Finally, the Supreme Court concluded that applying antitrust laws to the practices at issue was incompatible with the securities laws. The Court was particularly concerned that courts and juries would have an extremely difficult time distinguishing between what is forbidden and what is allowed. The Court believed that such fine judgments should be left in the hands of securities laws experts — namely, the SEC.
Although the decision focused on the market for IPOs, it may have broader implications. It reinforces the impetus to leave decisions about market regulation in the hands of agencies charged with regulating those markets and to prevent private antitrust lawsuits from effectively second-guessing such regulation.
Bell Atlantic Corp. v. Twombly (Case No. 05-1126, decided May 21, 2007)
The Supreme Court in Twombly addressed the adequacy of the allegations of an “agreement” between the defendants in a Sherman Act Section 1 claim. The practical impact of the decision likely will be narrow. However, the more interesting issue raised by the Court’s decision is whether it foretells increasing court scrutiny of the sufficiency of the allegations of all complaints in federal court.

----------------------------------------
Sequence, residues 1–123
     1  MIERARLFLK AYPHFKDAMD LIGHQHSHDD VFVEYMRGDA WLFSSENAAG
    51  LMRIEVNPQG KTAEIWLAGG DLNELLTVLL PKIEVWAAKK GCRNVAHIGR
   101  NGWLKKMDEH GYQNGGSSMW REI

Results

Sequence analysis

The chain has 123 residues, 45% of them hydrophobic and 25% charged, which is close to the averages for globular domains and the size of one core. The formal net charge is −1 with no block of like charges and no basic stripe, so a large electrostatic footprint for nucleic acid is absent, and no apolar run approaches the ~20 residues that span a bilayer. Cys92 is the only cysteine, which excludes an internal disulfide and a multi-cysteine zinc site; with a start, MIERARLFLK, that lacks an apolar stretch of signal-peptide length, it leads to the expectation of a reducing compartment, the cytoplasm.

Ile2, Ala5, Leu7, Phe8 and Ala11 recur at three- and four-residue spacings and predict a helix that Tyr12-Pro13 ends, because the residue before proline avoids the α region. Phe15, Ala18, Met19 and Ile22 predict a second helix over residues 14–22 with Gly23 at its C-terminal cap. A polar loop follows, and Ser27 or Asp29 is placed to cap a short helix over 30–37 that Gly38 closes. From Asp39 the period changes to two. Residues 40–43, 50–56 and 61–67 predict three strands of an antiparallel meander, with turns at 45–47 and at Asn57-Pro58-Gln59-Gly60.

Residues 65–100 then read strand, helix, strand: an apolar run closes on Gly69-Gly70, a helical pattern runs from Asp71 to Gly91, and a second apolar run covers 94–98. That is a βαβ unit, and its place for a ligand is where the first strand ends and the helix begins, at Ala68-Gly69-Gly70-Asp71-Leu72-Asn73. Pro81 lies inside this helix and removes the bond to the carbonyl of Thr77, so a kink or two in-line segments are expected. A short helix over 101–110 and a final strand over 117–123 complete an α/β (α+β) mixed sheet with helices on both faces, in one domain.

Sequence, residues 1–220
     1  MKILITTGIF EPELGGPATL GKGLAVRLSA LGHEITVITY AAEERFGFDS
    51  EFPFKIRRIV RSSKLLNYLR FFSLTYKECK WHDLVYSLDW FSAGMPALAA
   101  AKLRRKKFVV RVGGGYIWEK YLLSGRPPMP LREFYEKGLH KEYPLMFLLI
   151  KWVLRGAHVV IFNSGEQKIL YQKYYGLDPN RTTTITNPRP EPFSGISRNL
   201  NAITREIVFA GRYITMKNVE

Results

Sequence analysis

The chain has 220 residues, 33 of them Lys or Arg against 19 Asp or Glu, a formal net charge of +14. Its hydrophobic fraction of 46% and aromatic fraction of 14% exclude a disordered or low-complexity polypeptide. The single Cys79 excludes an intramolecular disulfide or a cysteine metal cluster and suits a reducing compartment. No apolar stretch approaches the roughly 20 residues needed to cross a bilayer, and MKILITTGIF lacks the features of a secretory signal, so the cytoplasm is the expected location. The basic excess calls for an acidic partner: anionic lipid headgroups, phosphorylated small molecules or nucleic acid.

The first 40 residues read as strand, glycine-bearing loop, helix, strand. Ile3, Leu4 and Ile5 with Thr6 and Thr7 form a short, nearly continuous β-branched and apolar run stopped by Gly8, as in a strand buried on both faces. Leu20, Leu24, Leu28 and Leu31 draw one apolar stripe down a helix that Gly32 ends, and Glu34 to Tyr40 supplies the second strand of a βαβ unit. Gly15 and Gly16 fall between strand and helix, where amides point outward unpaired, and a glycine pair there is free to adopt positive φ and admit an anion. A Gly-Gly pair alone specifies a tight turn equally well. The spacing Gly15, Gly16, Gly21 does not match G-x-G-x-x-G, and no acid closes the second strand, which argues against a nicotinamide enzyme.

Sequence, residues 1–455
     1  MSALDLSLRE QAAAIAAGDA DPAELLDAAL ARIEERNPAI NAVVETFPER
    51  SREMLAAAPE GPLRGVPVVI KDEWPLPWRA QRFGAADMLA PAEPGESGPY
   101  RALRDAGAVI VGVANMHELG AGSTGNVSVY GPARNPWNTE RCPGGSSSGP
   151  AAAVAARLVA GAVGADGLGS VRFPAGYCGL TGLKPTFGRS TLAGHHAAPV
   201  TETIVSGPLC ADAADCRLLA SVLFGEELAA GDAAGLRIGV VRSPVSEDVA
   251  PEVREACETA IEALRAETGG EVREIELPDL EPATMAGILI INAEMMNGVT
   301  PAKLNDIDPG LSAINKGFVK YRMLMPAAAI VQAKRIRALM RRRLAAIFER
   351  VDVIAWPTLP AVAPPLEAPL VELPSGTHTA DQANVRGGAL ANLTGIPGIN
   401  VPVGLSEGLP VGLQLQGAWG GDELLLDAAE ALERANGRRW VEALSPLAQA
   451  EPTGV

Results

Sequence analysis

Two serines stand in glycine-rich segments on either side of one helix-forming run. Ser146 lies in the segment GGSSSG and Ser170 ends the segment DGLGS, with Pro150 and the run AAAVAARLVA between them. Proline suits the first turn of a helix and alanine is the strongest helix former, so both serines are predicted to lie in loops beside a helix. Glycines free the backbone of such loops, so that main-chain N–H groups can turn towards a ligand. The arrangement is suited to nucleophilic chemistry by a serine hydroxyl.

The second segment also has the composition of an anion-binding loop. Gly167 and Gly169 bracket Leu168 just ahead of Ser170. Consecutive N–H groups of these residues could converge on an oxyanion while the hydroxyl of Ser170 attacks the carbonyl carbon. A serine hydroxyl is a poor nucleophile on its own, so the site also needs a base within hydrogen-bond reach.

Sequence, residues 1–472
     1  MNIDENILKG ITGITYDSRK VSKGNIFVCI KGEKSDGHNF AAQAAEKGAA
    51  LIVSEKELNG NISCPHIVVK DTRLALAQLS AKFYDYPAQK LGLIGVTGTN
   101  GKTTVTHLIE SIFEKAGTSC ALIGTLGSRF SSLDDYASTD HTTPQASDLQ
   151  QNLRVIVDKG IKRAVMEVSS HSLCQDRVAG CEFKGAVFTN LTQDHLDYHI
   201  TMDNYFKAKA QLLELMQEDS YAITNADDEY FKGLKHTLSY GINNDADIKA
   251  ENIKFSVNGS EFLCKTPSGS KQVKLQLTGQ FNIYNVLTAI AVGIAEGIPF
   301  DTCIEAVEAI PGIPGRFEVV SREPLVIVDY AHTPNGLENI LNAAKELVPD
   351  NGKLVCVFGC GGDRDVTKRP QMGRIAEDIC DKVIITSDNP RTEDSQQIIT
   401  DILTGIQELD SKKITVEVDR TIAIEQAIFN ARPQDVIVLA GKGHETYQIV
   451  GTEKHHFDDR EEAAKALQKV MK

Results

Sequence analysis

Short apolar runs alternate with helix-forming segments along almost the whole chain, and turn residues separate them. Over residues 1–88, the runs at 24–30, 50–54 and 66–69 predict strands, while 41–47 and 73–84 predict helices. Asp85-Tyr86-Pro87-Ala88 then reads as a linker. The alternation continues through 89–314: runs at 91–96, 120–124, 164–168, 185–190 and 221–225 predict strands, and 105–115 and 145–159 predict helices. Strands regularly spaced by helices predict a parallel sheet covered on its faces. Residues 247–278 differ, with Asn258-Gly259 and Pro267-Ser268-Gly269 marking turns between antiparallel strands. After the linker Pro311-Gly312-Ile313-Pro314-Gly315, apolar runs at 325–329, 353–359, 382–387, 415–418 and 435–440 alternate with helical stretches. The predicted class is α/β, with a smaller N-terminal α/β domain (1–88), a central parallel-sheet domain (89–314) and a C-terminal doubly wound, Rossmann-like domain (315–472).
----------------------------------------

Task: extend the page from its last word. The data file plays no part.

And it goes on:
The Twombly plaintiffs filed a complaint purporting to sue on behalf of “all subscribers of local telephone and/or high-speed internet services from February 8, 1996 to the present” against a group of former Bell local exchange carriers. The complaint alleged that the local exchange carriers had engaged in “parallel conduct” in their respective service areas to inhibit the growth of competitive local exchange carriers. The complaint further alleged that the Bell operating companies had agreed not to compete against each other in their respective service areas. The plaintiffs summed up their allegation by asserting that the local operating companies had conspired to prevent competitive entry into their respective markets and to not compete with one another. The Supreme Court agreed to review the case for the purpose of addressing “the proper standard for pleading an antitrust conspiracy through allegations of parallel conduct.”